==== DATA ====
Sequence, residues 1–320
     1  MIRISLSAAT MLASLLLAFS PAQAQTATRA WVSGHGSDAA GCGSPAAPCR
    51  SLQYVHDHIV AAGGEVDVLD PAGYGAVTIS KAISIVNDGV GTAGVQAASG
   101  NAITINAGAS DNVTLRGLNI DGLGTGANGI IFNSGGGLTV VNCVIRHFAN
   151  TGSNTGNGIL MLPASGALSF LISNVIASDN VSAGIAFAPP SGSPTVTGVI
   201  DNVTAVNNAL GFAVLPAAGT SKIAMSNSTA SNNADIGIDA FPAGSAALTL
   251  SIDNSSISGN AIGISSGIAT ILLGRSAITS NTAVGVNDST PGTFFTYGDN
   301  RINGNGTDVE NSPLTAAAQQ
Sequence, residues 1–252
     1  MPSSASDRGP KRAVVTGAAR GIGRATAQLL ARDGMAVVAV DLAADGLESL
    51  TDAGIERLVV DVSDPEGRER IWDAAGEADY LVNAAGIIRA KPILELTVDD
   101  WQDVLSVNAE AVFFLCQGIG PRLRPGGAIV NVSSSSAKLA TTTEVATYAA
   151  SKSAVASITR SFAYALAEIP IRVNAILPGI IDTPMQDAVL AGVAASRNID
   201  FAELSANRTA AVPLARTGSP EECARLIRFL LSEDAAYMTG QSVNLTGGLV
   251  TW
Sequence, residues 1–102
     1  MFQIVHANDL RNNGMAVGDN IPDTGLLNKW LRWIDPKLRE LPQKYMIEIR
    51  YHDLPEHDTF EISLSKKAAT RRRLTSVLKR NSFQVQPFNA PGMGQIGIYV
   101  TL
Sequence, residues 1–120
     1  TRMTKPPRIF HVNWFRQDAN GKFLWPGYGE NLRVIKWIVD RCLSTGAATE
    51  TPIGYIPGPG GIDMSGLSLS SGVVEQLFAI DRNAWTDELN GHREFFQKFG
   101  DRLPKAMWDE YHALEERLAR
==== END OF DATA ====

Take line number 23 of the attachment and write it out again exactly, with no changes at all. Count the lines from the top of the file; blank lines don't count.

   101  DRLPKAMWDE YHALEERLAR